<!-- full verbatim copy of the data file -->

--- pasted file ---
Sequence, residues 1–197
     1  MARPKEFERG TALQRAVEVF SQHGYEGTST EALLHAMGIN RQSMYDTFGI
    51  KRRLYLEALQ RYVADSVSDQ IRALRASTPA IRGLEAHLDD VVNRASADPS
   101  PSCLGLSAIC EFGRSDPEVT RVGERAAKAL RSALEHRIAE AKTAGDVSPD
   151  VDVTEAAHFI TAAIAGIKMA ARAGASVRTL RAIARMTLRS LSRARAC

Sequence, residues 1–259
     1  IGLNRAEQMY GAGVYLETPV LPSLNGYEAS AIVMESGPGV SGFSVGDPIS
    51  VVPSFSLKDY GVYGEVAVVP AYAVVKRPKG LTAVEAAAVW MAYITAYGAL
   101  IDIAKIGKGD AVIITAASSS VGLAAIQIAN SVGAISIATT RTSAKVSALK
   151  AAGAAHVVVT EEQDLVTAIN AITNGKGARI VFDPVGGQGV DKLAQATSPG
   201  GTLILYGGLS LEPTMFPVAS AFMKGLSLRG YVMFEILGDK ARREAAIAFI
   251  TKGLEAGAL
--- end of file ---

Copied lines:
Sequence, residues 1–197
     1  MARPKEFERG TALQRAVEVF SQHGYEGTST EALLHAMGIN RQSMYDTFGI
    51  KRRLYLEALQ RYVADSVSDQ IRALRASTPA IRGLEAHLDD VVNRASADPS
   101  PSCLGLSAIC EFGRSDPEVT RVGERAAKAL RSALEHRIAE AKTAGDVSPD
   151  VDVTEAAHFI TAAIAGIKMA ARAGASVRTL RAIARMTLRS LSRARAC

Sequence, residues 1–259
     1  IGLNRAEQMY GAGVYLETPV LPSLNGYEAS AIVMESGPGV SGFSVGDPIS
    51  VVPSFSLKDY GVYGEVAVVP AYAVVKRPKG LTAVEAAAVW MAYITAYGAL
   101  IDIAKIGKGD AVIITAASSS VGLAAIQIAN SVGAISIATT RTSAKVSALK
   151  AAGAAHVVVT EEQDLVTAIN AITNGKGARI VFDPVGGQGV DKLAQATSPG
   201  GTLILYGGLS LEPTMFPVAS AFMKGLSLRG YVMFEILGDK ARREAAIAFI
   251  TKGLEAGAL